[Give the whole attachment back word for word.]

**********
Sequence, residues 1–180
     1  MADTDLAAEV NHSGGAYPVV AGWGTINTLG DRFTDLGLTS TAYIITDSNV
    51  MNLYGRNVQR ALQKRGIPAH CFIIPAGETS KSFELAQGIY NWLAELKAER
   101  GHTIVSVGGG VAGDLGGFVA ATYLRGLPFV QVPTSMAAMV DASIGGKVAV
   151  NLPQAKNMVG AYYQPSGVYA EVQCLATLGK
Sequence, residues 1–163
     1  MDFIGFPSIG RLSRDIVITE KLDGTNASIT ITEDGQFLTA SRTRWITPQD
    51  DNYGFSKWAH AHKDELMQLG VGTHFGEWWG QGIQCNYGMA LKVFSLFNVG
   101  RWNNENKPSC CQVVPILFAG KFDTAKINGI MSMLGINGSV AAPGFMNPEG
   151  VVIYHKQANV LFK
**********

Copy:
Sequence, residues 1–180
     1  MADTDLAAEV NHSGGAYPVV AGWGTINTLG DRFTDLGLTS TAYIITDSNV
    51  MNLYGRNVQR ALQKRGIPAH CFIIPAGETS KSFELAQGIY NWLAELKAER
   101  GHTIVSVGGG VAGDLGGFVA ATYLRGLPFV QVPTSMAAMV DASIGGKVAV
   151  NLPQAKNMVG AYYQPSGVYA EVQCLATLGK
Sequence, residues 1–163
     1  MDFIGFPSIG RLSRDIVITE KLDGTNASIT ITEDGQFLTA SRTRWITPQD
    51  DNYGFSKWAH AHKDELMQLG VGTHFGEWWG QGIQCNYGMA LKVFSLFNVG
   101  RWNNENKPSC CQVVPILFAG KFDTAKINGI MSMLGINGSV AAPGFMNPEG
   151  VVIYHKQANV LFK